Celebrate International Tiger Day at the Detroit Zoo July 29
Event focuses on the tigers who roar – not the ones who score
July 23, 2018
ROYAL OAK, Mich.,
Tiger enthusiasts will be turning their attention north of the ballpark on Sunday, July 29, as the Detroit Zoological Society (DZS) celebrates International Tiger Day at the Detroit Zoo. Special activities will focus on these iconic creatures, conservation efforts to protect them in the wild and the ongoing transformation of the Zoo’s tiger habitat.
“Tiger populations have plummeted in the last century,” said Scott Carter, DZS chief life sciences officer. “As part of our mission of celebrating and saving wildlife, events like these give us the opportunity to do both – educate our guests about the threats against tigers in the wild and honor these extraordinary animals.”
Part of the DZS’s commitment to tigers is for the care and well-being of the individuals who live at the Detroit Zoo. Talks will be held at 11 a.m. and 2 p.m., providing an overview of the construction of the Devereaux Tiger Forest, which will triple the space available for the animals, incorporate additional natural elements to enhance their well-being and create an exciting experience for guests. Zookeeper talks will be held at 11:30 a.m., 1 p.m. and 2:30 p.m., sharing fun facts about tigers and their behaviors. Conservation education activities will take place throughout the day from 11 a.m. to 3 p.m., allowing visitors to identify tigers in trail camera images and analyze their tracks.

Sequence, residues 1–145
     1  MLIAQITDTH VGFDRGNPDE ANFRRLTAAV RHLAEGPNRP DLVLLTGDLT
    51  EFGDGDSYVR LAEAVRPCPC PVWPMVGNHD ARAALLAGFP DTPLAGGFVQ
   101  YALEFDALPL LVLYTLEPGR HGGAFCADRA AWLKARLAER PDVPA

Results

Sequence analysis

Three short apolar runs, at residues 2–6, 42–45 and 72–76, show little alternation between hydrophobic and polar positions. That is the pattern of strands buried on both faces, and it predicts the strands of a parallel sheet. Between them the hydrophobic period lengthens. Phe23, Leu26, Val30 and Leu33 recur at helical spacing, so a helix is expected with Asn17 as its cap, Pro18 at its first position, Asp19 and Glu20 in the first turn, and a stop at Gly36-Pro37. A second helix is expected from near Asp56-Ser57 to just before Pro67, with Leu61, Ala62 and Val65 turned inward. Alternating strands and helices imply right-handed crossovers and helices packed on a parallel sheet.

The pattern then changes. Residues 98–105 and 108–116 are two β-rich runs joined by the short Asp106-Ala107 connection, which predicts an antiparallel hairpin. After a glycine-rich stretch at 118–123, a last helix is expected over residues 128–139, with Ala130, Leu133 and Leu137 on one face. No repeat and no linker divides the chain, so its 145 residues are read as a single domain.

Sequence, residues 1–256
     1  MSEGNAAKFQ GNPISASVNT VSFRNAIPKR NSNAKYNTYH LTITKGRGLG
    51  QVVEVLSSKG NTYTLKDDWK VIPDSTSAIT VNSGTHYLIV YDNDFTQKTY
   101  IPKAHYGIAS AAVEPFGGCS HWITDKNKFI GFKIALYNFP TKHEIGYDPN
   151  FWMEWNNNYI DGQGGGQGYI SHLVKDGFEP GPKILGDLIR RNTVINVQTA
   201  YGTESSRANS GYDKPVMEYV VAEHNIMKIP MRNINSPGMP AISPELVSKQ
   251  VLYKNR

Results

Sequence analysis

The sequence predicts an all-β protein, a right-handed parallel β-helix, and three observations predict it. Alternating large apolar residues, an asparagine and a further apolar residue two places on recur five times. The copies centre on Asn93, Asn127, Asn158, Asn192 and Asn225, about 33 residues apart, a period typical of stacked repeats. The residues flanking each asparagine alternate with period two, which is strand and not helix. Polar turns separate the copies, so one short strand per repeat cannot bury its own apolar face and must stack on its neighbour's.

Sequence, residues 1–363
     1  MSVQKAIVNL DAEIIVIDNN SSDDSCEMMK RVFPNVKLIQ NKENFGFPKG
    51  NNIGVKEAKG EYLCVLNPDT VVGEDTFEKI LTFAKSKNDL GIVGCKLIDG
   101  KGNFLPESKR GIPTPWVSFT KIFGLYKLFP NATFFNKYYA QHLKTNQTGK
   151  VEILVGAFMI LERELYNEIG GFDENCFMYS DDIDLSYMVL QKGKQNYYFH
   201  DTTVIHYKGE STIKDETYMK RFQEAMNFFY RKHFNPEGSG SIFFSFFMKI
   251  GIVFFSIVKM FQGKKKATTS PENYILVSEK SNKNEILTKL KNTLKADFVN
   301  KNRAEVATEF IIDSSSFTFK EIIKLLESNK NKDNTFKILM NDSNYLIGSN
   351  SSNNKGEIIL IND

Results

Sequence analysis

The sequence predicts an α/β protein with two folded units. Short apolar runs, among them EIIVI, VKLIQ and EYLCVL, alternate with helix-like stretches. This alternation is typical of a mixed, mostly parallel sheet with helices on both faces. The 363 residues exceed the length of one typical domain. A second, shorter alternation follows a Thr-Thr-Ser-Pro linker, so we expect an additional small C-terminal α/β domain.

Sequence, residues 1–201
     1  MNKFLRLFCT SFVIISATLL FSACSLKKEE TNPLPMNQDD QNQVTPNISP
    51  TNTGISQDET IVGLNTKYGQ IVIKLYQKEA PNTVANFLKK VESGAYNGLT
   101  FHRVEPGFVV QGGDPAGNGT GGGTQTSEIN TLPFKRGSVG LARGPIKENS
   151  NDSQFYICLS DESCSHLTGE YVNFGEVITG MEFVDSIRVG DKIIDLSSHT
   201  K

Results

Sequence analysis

The Detroit Zoo is home to Kisa, an Amur tiger – the largest of not only the nine subspecies of tigers, but the entire cat family. Also known as a Siberian tiger, Amurs are found primarily in eastern Russia, but also in China and North Korea, and they are well-adapted for Michigan winters.
Fewer than 4,000 tigers exist in the wild today – down from 100,000 in the early 1900s – and they inhabit only 7 percent of their former range. They are listed as Endangered by the International Union for Conservation of Nature due to poaching, habitat loss and retaliatory killings due to conflicts with humans over livestock.